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Travel Your Way

What to Eat in Shinjuku Tokyo? (Part 1)

For food lovers hunting for good food around Tokyo, I’m writing a series of the food we tried (or almost tried) around Ginza, Harajuku, Shibuya and Shinjuku. Look out for our honest reviews. :P First it was “What to Eat in Ginza“, then What to Eat in Harajuku and Shibuya?“, and now what to eat in Shinjuku? 


Fuunji, Ramen and Tsukemen


Fuunji (風雲児) is 2-mins walk from our airbnb at Shinjuku and approx 10-mins walk from Shinjuku station. The owner of the airbnb highly recommended us to try the Ramen or Tsukemen here. It’s not the usual tonkotsu (pork) broth I’m familiar with but chicken and fish broth. Anyway, the owner suggested we go for early lunch or early dinner to avoid the snaking long queue. However, by the time we reached our airbnb and walked over to Fuunji, it was their peak hour.

The Queue

We couldn’t believe our blessings when we finally found the shop hidden in a small road.There were probably only 5 to 7 people lining in front of the shop. Is that considered long for the owner? Hoho. As we were about to join the short queue, we whipped our heads to the other direction and saw another 7 to 9 people extending the queue on the other side of the road. We should have known better after our queuing experience at Garaku Curry (Sapporo). The short queue was too good to be true!

Anyway, we decided good food was worth the wait and thus we joined the queue in the cold. We were so excited when we were near the entrance, but lo and behold! When the door was opened for a few patrons to exit, we saw another long line inside the shop! See photo below.

Ordering Process: Ramen and Tsukemen 

Once we were in the shop, there was a vending machine for us to choose our dishes and make payment. Talk about good hygiene and productivity! Anyway, there are a few options on the machine, as seen in the photo below. Dipping noodle refers to Tsukemen, while the ‘special’ edition means the dish comes with an egg and more meat.

Tsukemen is cold noodle served with its sauce on a separate dish. You then dip the noodle in the sauce before eating. Apparently Tsukemen is their signature, but we didn’t know then and so both of us ordered Ramen instead. :( You can’t blame us, because there also weren’t many people eating Tsukemen. It could be because it was winter/spring while we were there and Tsukemen is more for consumption during hot, summer days.

When they collect the vending machine ticket from you, tell them your desired noodle portion: Namimori is small (~200gm), chuumori is regular or medium (~300gm), omori is large (~400gm). The price is the same regardless of size, but order what you can eat—don’t waste food!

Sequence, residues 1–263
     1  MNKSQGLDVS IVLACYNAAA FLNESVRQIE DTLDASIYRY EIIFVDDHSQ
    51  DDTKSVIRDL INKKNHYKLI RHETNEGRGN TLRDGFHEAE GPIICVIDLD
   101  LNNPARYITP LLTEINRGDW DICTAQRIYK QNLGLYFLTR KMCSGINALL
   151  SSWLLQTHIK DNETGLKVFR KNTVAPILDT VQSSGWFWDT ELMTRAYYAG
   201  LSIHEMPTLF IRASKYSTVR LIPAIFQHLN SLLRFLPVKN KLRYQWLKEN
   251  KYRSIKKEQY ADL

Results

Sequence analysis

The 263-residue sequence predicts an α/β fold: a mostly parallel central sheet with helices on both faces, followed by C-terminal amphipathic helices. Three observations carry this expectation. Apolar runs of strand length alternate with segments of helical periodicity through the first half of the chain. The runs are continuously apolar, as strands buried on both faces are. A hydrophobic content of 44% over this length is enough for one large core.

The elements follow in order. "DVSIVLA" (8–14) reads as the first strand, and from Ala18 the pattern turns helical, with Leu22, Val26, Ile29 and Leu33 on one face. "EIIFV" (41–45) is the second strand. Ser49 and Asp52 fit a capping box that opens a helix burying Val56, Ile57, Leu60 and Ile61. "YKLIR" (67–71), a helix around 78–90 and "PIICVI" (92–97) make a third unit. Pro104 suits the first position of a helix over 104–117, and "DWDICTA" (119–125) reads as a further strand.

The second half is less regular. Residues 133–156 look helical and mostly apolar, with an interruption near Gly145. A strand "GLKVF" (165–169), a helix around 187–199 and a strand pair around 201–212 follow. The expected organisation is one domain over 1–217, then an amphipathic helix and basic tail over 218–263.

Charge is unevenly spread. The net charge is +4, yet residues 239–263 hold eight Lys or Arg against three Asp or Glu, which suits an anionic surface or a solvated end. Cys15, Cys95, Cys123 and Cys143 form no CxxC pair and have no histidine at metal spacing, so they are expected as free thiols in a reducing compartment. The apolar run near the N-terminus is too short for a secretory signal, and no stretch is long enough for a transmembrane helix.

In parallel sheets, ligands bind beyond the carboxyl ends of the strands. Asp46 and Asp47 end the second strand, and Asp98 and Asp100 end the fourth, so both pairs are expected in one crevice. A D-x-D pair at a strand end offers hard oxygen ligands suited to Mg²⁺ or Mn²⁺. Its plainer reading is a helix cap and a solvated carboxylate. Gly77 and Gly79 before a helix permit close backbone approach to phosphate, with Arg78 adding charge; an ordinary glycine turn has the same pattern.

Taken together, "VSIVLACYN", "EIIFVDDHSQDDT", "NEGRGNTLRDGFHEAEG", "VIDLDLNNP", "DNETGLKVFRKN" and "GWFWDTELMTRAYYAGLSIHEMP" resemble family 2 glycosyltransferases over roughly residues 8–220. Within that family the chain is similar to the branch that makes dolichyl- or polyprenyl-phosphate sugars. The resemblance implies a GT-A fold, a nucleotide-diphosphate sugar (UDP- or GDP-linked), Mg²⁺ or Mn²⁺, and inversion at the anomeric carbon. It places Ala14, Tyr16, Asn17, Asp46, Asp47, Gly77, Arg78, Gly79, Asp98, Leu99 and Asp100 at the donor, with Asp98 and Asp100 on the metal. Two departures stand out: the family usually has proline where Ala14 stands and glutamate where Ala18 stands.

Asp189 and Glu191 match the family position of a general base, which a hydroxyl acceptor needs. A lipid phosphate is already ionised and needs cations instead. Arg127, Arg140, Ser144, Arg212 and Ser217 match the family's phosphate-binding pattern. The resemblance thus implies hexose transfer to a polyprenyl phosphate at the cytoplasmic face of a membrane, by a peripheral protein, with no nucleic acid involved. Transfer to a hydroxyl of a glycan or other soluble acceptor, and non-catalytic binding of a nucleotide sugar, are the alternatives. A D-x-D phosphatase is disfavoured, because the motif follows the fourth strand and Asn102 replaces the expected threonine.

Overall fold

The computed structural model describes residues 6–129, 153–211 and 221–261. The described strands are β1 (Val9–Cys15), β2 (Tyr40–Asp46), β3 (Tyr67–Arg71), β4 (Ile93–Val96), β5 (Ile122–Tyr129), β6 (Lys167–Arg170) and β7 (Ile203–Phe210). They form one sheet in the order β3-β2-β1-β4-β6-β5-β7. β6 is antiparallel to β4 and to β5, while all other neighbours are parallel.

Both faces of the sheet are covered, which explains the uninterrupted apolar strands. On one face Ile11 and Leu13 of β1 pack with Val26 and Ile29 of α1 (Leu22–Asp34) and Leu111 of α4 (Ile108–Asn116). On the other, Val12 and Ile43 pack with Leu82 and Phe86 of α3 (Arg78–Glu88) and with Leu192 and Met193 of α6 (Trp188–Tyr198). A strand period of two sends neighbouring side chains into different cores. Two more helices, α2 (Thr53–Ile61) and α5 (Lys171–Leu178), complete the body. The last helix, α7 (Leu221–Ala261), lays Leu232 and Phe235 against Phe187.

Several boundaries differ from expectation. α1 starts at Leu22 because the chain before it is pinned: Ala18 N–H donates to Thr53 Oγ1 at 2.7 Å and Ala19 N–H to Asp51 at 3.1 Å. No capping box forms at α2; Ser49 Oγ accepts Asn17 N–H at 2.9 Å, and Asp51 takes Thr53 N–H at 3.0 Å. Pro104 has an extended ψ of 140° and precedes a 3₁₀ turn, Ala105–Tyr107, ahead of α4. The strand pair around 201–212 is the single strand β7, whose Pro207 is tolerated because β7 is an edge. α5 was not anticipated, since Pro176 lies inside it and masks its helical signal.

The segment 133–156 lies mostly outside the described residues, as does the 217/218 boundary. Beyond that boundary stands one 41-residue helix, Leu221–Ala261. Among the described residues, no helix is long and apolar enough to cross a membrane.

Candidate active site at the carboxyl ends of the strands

What to Eat in Shinjuku - travel.joogo.sg

Our Verdict

We ordered Special Ramen that cost ¥950 (S$12.00) each because we like ajitama (flavoured egg) and of course we had to try it from a Japan’s ramen shop! Even though I’m more used to tonkotsu based ramen, I found the broth surprisingly delicious. As mentioned, the broth is of chicken and fish.

My hubby and most people like the chewy noodles, but I prefer those softer noodles we have in Singapore. The chewy noodles felt like it was half-cook, like when I didn’t cook my instant noodles long enough.

Anyway, I couldn’t finish my bowl and my hubby had to help me with some. It was quite embarrassing to leave much leftover when the chef is just in front of you! It’s like saying the food is not nice, but I was simply too full.

Oh it’s really fascinating to observe the kitchen at work. They each have their own assigned role in a very organised work flow. Together, they function efficiently like a clockwork. The main chef seemed to be in a choreographed dance as he pulled the noodles high up, swirled it around and down into the bowl.

Tip: If you prefer a milder fishy aftertaste, opt for ramen instead of tsukumen. 

Shop Info

  • 11:00 am – 3:00 pm, 5:00pm – 9:00 pm (Mon-Sat) or while stocks last. Closed Sun & Public Holiday
  • 2-14-3, Yoyogi, Shibuya-ku, Tokyo, Japan
  • 10 min walk from JR Shinjuku Station, South / Southern Terrace Exit
  • Google Map

Shin Udon


If you are sick of ramen but still want some hot soup noodles for the cold weather, Shin Udon (慎) is the place to visit. About 10 minutes walk from Shinjuku station, it’s very near to the equally popular Fuunji ramen restaurant. This restaurant is thus also near to our airbnb at Shinjuku and highly recommended by the owner. To avoid the insane crowd, try to go during early lunch or early dinner.

The buckwheat udon is made to order and cooked into either a cold or a hot dish — cold zaru udon served dry, and warm kake udon served in a hot broth. The udon dish is topped with ingredients such as tempura, beef, egg and seaweed. Order from the mildly translated pictorial menu and catch the chefs in action while you sit at the cramp counter space. Budget about ¥1,300 (S$16.40) per person.

Happy chewing on the thick cut udon and enjoy the simple but umami dish!

Shop Info

  • 11:00 am – 11:00 pm (L.O 10:00 pm or while stocks last. Irregular closing days.)
  • 2 Chome-20-16 Yoyogi, Shibuya, Tokyo 151-0053, Japan
  • 10 mins walk from JR Shinjuku Station, South / Southern Terrace Exit
  • Google Map

I’ll be sharing more dining options around Shinjuku in Part 2! Also, more on the places to hang out in Shinjuku in my subsequent posts!

Do you have other recommendations of what to eat in Shinjuku? Tell us below or on our Facebook Page or Instagram. Moreover, bookmark this page > Overview Itinerary: Hokkaido and Tokyo (Winter/Spring 2016).



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